Leaving a legacy to Telethon will ensure your gift lives way beyond you.
Baby Sinead Engelbrecht was just 11 weeks old when her parents, Hayley and David, were told their baby would need a miracle to survive.
Sinead had been diagnosed with a fast-growing, aggressive brain tumour which was taking up three-quarters of the space inside her head. Doctors gave her a less than one per cent chance of survival and said that if she did survive, she wouldn’t be able to walk or talk.
Today, Sinead is seven years old and has been cancer-free for five years. Described as a ‘miracle child’, not only can she walk and talk, but she is thriving.
Hayley puts her daughter’s survival down to advancements in medical research and faith.
“There’s no doubt that without the amazing team of doctors, surgeons and medical researchers that have helped Sinead she wouldn’t have survived.
Childhood cancer is the leading cause of death by disease of Australian children. Right now in WA, more than 120 children are fighting cancer.
Supported by Telethon, the Telethon Kids Institute specialises in research into childhood cancers, with a team of dedicated researchers striving to find more targeted treatments with fewer side effects. Dr Nick Gottardo is Co-Head of Brain Tumour Research.
“All of us here at Telethon Kids are motivated by making a difference for children with cancer and their families,” he said. “That's the driving motivation for every one of us here”.
Hayley is well aware that the ground-breaking research making such a difference to her family and others like them owes much to the generosity of West Australians who have donated to Telethon.
“Supporting Telethon inevitably saves lives,” she said. “You don’t ever think it is going to happen to you, but it might.
Jasmine is one of many young people who experienced the Telethon Holiday group at Autism West. Jasmine’s mother, Christina, said that school holidays can be an issue for the family.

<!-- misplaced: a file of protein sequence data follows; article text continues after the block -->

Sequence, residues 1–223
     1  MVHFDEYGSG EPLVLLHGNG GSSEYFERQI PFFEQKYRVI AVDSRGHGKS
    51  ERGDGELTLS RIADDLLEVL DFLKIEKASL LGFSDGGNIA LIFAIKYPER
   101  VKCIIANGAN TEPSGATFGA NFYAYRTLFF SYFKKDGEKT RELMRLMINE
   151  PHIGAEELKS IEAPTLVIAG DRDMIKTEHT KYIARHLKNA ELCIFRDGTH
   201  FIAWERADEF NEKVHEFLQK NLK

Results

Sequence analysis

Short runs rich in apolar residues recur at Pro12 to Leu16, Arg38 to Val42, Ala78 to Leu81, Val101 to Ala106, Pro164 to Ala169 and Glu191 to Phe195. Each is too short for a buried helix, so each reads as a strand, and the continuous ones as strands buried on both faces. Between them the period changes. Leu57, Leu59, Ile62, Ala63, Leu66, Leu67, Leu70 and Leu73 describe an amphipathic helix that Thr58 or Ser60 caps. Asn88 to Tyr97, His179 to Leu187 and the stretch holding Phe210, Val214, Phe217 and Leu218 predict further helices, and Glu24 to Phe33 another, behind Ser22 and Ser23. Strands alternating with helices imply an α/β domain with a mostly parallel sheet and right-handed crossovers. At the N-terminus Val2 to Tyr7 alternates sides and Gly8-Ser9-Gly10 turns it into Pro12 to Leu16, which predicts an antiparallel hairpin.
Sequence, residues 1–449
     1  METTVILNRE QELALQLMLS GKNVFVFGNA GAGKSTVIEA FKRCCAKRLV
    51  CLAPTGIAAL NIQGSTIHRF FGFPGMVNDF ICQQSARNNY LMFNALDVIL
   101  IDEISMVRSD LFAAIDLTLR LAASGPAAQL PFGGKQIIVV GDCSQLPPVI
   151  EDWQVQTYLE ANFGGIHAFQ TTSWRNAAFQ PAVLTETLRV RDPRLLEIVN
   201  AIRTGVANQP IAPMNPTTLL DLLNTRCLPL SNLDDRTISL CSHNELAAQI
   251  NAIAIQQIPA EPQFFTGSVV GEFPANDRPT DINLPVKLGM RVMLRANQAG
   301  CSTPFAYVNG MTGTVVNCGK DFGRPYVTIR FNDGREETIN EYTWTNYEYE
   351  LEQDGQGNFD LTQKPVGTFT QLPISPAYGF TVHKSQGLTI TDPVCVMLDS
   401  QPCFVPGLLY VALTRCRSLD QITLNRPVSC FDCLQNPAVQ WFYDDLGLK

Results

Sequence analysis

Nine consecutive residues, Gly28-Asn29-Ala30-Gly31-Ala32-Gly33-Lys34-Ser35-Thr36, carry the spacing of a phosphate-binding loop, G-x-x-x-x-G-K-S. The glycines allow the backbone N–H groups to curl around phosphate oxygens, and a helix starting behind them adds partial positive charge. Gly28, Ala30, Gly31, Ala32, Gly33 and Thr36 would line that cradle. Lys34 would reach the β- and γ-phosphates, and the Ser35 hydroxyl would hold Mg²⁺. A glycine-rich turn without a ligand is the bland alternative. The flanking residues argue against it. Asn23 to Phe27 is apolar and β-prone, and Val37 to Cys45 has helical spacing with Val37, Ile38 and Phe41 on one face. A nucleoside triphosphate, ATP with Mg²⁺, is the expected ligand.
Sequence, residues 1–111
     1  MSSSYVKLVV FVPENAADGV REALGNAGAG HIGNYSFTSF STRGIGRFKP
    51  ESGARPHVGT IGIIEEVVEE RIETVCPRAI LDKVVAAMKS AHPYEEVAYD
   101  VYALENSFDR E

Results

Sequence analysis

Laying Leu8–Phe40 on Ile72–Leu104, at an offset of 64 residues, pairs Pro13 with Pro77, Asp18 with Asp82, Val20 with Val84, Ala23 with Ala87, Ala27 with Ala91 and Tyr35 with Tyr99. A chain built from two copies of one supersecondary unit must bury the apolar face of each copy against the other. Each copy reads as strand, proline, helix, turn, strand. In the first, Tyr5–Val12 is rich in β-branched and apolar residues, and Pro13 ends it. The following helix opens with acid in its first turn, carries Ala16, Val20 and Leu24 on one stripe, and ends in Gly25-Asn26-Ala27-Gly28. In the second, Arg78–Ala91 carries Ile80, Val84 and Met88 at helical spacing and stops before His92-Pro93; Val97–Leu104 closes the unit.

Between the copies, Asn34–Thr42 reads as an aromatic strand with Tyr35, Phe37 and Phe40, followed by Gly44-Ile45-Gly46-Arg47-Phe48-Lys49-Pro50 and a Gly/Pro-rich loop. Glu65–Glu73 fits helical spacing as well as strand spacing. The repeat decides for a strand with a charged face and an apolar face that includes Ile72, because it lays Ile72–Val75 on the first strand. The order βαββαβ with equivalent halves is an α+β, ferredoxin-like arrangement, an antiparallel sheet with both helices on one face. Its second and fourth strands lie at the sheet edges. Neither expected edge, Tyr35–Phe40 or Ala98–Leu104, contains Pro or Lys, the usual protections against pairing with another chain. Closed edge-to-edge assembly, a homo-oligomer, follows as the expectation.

“Holidays always present a large block of unstructured time without the routine of the school week. This can often result in her feeling periodically anxious and aimless”.
Christina said that the Telethon Holiday Group features a structured, social and welcoming environment that immediately sets both child and parent at rest. Parents of children with ASD are anxious as well about a myriad of reasons as to why their child may not “enjoy” the experience. The staff ensured that Jasmine was regulated and participated with other peers in a safe and supported setting.
The social and communication challenges faced by young people who have Autism Spectrum Disorder can mean many of them experience social isolation and bullying. This can result in significant mental health risks for later life, with depression being the most common diagnosis in adolescents and adults with autism.
Programs that give the young people a chance to develop their interests and abilities are critical for them as they give opportunities for success and help them to build resilience.
“It has been a godsend for our family as Jasmine now has a “place” where she goes to during the holidays with friends. She can also come home share these experiences with her us and her sister, Madeleine when they both return from respective outings. The confidence, self-esteem and happiness that Jasmine gains from independence has been amazing”.